Perhaps the German insistence on rectitude is right, although not in a sense that German officials will necessarily appreciate. I could not, in good conscience, side credibly with any French, Italian, or Greek proponent of redistribution if their proposals violated the principles of rectitude. Doing what is right is, surely, superior to doing what is wrong, but expedient. But then the question becomes: What is the right thing to do? And how can we agree on any answer, given our different interests, dispositions, and cultural backgrounds?

One thing is certain: We will never find out what rectitude commands if we are driven solely by our “interests.” Europe’s impasse is largely due to a standoff between opposing desires, objectives, and concerns: German fears of Greco-Latin rule-bending will always trump French fears of German empire-building, and vice versa. But if prejudicial desires lead to a dead end, and fail to reveal the right course of action, where does the key to rectitude lie?

“We should all do our duty” – a very German reply – merely displaces the disagreement to another plane, where we interminably debate competing duties. All madmen in authority, after all, believed they were doing their duty. So the question becomes: “How can I know what my duty entails?” A theist answer is equally unacceptable, given the monstrous crimes carried out by zealots convinced they were fulfilling their divine duty.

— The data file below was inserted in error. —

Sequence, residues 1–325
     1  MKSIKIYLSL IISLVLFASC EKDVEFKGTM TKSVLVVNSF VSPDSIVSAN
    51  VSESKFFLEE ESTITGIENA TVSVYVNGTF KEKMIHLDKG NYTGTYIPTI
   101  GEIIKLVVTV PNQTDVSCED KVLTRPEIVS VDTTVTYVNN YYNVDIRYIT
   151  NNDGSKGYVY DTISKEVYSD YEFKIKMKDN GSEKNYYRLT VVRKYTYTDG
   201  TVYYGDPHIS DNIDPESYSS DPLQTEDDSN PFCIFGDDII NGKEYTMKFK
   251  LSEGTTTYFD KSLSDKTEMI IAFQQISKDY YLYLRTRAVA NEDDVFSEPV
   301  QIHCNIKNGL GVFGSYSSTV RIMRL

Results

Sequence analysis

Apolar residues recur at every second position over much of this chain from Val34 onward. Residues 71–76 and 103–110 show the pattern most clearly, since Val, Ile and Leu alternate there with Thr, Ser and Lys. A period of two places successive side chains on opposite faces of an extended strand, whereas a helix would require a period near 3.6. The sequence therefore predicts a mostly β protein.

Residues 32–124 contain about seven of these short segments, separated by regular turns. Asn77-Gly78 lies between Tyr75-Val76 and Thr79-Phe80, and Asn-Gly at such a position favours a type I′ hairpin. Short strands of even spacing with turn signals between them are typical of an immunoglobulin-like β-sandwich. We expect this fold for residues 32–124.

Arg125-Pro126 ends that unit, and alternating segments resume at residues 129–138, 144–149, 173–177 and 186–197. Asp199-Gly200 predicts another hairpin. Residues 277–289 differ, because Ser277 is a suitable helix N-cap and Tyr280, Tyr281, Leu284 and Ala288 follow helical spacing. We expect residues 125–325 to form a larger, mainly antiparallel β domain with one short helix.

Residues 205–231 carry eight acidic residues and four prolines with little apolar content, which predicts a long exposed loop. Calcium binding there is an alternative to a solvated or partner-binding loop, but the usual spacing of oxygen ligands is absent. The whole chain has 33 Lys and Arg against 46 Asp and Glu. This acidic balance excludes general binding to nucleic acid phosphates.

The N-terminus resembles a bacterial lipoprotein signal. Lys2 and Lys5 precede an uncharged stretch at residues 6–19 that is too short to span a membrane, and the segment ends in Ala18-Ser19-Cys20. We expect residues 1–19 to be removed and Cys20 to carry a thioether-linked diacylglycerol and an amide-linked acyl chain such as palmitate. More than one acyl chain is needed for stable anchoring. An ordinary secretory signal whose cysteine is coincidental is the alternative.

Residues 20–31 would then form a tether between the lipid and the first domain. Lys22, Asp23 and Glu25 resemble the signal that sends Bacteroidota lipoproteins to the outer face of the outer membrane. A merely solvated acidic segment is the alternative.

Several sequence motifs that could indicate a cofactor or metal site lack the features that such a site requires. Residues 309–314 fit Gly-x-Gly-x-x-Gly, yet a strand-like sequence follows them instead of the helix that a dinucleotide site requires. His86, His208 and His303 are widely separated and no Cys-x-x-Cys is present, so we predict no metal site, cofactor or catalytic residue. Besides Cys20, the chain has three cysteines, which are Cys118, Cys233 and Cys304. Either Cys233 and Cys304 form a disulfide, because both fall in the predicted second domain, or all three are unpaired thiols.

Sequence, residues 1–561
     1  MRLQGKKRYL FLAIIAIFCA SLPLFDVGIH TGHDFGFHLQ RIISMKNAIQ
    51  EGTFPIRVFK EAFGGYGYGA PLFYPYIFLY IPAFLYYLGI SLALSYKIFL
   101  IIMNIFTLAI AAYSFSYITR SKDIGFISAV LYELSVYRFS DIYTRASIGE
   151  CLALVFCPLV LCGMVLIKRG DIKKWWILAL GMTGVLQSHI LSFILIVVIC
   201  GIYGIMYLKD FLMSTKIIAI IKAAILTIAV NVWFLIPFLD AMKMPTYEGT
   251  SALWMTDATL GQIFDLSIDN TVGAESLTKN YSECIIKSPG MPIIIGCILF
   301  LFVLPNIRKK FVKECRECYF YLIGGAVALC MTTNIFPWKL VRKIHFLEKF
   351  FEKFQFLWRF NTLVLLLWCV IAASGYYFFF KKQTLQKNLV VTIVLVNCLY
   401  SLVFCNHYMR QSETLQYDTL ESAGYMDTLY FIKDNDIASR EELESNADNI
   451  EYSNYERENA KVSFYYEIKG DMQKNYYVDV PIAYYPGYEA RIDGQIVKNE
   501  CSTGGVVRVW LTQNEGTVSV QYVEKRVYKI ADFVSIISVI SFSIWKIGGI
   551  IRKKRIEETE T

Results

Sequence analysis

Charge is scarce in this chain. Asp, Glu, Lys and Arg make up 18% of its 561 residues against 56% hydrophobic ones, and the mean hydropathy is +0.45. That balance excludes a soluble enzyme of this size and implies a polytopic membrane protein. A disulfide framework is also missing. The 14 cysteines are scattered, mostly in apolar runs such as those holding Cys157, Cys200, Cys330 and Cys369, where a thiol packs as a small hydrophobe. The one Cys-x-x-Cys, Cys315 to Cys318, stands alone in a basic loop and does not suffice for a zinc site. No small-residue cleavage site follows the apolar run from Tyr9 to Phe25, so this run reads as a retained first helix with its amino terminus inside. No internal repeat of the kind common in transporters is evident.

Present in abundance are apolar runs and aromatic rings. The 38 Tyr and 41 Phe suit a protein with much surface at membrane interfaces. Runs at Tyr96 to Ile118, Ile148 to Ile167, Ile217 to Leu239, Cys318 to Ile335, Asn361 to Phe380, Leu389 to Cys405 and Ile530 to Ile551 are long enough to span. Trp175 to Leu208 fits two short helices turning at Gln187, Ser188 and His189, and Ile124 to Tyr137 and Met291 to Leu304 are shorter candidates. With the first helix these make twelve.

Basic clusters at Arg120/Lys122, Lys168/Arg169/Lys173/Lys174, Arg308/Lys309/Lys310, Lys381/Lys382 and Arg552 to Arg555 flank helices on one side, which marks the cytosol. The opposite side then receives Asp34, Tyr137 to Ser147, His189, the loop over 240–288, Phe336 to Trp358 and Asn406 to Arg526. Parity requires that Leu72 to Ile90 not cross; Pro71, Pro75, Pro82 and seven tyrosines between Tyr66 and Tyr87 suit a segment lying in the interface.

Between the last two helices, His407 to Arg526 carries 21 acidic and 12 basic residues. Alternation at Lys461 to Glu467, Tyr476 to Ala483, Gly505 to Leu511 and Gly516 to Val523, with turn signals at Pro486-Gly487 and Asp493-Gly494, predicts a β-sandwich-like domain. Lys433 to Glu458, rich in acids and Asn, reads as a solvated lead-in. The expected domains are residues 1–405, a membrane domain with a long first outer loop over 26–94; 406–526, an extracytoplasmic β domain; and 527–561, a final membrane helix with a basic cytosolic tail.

The best answer I have come across is German: Immanuel Kant’s, to be precise. For Kant, who struggled to re-define ethics in a new era of market societies, our duty can and must be deduced from our capacity for rationality. Unlike personal tastes, which are fickle and offer no sure path to happiness or virtue, duties can be discerned by a logical mechanism common to all humans.

To be rational means more than being able to deploy your means efficiently in order to achieve your ends. All sorts of animals are good at matching available means to given ends. But humans are unique, Kant insists, because, unlike cats and dogs, we can pass rational judgment on our desires. We can ask ourselves, “I like X, but should I?” And we can say, “It is my duty to do Y, even though Y will probably lead to outcomes I dislike, given my expectations of what others will do.”

But if the mark of a rational person is a capacity to act on reasons transcending cost-benefit analysis, how can our rational duty be deduced impartially, free of the influence of personal interests or prejudices?

Kant offers a famous example: Language is what distinguishes us from other species; without it, we are mere beasts. While lying often pays, if we all lied all the time, language would become obsolete. Rational humans, Kant concludes, must recognize that they have a duty to abstain from a practice (lying) that, if adopted by everyone at once, would annul our most precious invention (language).